Did you know that more than 60% of Texas residents live in their own houses? Undoubtedly, buying a home is an important and exciting event for every family. There are many myths associated with the purchase of a house: some of them have long been known and debunked, but some are not so obvious and rarely discussed. Let’s uncover some of the most popular home buying myths that people face today.
Myth One: Buying a Newly Constructed Home Is Always the Best Solution
One of the most common misconceptions is that, in general, buying a newly constructed home is a safer option. It is commonly believed that it will give its owner complete peace of mind in terms of house repairs. Many people believe that with a new house, there will be no serious problems initially and then you can save on repairs as a result. But this is not quite true: some unscrupulous construction companies try to minimize their expenses on materials and labor, and deliberately ignore construction problems. Moreover, structural defects are often difficult to correct, but not immediately noticeable, making them very expensive.
Unfortunately, home builders can make mistakes, so, it may be a good idea to get a home inspection even if the house you are going to buy is brand new. It will help you uncover any items that may cause issues in the future. Overall, just because you’re buying or building a new house does not mean you won’t have problems with it.
Myth Two: You Can Save by Buying an Older Home
This is the other side of the same coin. It’s no doubt that houses that need a lot of work will end up being extra expensive as all home devices and systems (even hidden ones such as electrical wiring and pipes) have a service life. Big renovations, like layout changes, total kitchen remodelings or pool installations take more work than you expect. Buying a house in need of renovation can make sense if you’re going to do the work yourself, but in most cases, the cost of renovation will outweigh the savings from buying an older home.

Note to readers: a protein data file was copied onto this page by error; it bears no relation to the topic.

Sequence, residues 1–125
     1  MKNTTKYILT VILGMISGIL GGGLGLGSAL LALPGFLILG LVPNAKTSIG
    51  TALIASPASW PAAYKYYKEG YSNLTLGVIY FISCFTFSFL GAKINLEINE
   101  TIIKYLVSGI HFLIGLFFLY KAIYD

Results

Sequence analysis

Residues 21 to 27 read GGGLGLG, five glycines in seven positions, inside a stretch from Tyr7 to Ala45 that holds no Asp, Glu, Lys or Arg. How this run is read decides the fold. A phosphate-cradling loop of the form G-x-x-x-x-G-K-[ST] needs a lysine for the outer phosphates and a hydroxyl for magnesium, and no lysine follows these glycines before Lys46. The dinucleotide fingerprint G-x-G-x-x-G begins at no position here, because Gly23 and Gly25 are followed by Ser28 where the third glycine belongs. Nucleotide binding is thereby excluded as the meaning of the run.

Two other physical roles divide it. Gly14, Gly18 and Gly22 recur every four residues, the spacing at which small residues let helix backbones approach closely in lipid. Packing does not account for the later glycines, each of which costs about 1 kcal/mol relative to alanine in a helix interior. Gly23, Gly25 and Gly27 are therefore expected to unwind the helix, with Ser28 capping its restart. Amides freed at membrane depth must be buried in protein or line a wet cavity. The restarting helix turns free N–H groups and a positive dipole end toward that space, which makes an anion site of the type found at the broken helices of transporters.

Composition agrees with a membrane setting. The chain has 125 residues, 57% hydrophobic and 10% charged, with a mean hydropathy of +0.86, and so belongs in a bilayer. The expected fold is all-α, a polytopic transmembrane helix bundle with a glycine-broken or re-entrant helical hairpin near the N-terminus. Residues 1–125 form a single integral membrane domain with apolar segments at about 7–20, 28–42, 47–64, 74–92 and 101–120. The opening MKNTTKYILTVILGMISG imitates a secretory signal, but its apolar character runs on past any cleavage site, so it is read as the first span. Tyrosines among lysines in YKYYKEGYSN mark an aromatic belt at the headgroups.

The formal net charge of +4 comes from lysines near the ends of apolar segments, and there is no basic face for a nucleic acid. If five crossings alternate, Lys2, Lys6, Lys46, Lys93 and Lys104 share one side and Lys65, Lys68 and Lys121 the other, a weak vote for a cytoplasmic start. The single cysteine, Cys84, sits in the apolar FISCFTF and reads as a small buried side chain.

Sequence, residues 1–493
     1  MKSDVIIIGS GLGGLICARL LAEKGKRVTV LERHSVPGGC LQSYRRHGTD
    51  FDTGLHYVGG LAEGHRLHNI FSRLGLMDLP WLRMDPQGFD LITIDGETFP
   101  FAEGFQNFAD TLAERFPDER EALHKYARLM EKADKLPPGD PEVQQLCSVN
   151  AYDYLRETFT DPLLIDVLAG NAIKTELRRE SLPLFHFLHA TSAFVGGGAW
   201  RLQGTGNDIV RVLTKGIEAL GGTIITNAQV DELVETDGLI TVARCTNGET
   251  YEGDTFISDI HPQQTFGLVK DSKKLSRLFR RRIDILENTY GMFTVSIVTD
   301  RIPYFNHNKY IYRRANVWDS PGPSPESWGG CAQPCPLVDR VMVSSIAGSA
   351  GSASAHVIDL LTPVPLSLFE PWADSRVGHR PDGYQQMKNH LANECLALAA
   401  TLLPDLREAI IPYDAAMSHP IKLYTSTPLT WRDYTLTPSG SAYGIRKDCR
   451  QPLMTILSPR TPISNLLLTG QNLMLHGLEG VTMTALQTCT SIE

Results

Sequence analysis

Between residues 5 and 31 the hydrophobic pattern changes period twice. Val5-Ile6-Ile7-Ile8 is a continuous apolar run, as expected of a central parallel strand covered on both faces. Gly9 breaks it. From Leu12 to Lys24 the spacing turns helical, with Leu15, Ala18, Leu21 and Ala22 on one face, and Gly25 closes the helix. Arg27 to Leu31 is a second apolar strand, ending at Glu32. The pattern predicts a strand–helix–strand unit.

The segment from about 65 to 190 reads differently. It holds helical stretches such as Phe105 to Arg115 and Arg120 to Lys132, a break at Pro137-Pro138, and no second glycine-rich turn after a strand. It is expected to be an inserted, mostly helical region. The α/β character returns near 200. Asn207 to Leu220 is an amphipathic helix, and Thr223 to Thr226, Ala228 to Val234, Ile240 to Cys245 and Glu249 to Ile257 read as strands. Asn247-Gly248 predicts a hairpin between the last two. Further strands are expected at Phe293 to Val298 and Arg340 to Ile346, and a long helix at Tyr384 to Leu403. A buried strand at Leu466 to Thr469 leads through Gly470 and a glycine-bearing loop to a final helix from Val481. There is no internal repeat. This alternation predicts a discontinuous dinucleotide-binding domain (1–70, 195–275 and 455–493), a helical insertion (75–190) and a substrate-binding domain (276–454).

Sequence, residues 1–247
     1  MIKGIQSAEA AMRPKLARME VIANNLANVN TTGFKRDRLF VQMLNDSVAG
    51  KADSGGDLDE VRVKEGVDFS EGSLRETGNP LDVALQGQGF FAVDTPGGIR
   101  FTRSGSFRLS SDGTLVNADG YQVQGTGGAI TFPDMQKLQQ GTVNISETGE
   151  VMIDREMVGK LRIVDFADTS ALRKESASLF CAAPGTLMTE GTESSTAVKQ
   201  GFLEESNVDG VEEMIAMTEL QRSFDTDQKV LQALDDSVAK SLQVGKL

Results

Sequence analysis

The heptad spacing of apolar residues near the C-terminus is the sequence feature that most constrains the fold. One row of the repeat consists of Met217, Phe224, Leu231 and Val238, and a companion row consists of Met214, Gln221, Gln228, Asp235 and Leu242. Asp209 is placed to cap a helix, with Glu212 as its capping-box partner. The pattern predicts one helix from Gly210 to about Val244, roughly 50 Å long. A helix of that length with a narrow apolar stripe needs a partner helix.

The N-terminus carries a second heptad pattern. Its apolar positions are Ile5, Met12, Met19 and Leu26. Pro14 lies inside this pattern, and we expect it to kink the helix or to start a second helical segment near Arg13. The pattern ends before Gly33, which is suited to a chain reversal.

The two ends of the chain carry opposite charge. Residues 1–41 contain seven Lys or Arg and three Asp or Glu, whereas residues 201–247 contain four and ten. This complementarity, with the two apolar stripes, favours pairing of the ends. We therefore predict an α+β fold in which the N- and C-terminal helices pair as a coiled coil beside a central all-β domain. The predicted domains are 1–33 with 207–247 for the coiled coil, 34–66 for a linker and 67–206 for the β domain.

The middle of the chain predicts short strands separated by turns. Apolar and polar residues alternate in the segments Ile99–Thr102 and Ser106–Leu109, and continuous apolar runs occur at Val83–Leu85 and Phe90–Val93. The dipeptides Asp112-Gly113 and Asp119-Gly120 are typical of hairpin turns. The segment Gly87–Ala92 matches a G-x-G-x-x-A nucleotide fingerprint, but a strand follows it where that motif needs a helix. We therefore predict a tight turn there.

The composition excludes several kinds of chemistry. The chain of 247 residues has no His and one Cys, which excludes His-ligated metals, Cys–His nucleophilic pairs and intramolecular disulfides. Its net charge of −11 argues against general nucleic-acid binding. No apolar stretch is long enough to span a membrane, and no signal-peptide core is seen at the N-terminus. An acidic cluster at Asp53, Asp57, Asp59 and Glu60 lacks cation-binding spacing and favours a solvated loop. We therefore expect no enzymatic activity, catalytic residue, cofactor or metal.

If renovation required is not extensive – like if all you’re doing is re-wallpapering the walls – an older house can end up being a great deal and save you lots of money. But serious and major fixes can result in a big headache, especially when the bill arrives. For instance, rewiring the electrical system requires you to take apart some of your walls, which can cost you thousands of dollars. Building your dream house from scratch rather than extensively renovating an existing house is sometimes even cheaper.
Moreover, the older the house, the greater the home maintenance costs. For example, if the maintenance of a 10-year-old house costs an average of $861 per year, then a 30-year-old one will cost you as much as $2,156 every year. And we are taking into account only the repair of basic appliances and systems – more complicated repairs on bigger appliances like a fridge, home security system, or an A/C system and systems will cost you even more.
If the cost of turning an older house into a place of your dreams is too high, or if the house has too many issues that can’t be fixed, then the house may not be such a bargain after all. But if you fell in love with an older house, even one which requires a lot of work, get multiple quotes from contractors to find out the real cost of repairs and see which makes the most economic sense: building a new house or renovating an old one.
Myth Three: It’s Better to Buy a House with a Home Warranty Plan
There are studies confirming that a home with a home warranty plan is sold 11 days faster and for $2,300 more than average. Therefore, it is presented by sellers as a valuable and important feature. However, this is not as simple as it first seems. Let’s take a look at the cause of this common myth.
A home buyer might expect that a home warranty will protect them from any additional expenses on repairs of the home systems and appliances. However, this may not always be the case.
Home sellers usually buy the cheapest home warranty plan that only covers the basic repairs up to a certain limit that is usually pretty low. As soon as the home warranty contract is transferred to the new homeowner (you), read it carefully in order to avoid any unpleasant surprises, such as extra costs or denied claims. If the new homeowner finds the current contract insufficient, the home warranty companies are usually happy to offer an upgrade – at an extra cost to the new buyer, of course. Also, you can always wait until after buying a house to buy a home warranty plan that best suits your needs, rather than the plan picked by the old owner.
As you can see, buying a home is not a very simple process. Hopefully, clearing up these common myths about the home buying process can help answer some of the questions you may have and help you make the right choice. When deciding on a house, it’s important to weigh all the factors that are important for you and make your pick without being swayed by these misleading myths..